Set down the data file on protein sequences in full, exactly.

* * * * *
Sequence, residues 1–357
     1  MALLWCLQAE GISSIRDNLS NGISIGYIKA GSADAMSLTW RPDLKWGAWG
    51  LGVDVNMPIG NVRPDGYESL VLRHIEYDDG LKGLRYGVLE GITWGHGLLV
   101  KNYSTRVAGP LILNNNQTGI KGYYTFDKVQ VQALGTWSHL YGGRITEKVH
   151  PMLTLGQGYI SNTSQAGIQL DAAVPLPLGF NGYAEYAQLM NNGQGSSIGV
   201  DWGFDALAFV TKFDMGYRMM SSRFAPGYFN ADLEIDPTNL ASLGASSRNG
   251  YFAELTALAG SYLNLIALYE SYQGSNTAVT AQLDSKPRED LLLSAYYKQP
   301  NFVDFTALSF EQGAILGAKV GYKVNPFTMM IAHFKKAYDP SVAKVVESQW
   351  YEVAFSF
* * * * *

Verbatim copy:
Sequence, residues 1–357
     1  MALLWCLQAE GISSIRDNLS NGISIGYIKA GSADAMSLTW RPDLKWGAWG
    51  LGVDVNMPIG NVRPDGYESL VLRHIEYDDG LKGLRYGVLE GITWGHGLLV
   101  KNYSTRVAGP LILNNNQTGI KGYYTFDKVQ VQALGTWSHL YGGRITEKVH
   151  PMLTLGQGYI SNTSQAGIQL DAAVPLPLGF NGYAEYAQLM NNGQGSSIGV
   201  DWGFDALAFV TKFDMGYRMM SSRFAPGYFN ADLEIDPTNL ASLGASSRNG
   251  YFAELTALAG SYLNLIALYE SYQGSNTAVT AQLDSKPRED LLLSAYYKQP
   301  NFVDFTALSF EQGAILGAKV GYKVNPFTMM IAHFKKAYDP SVAKVVESQW
   351  YEVAFSF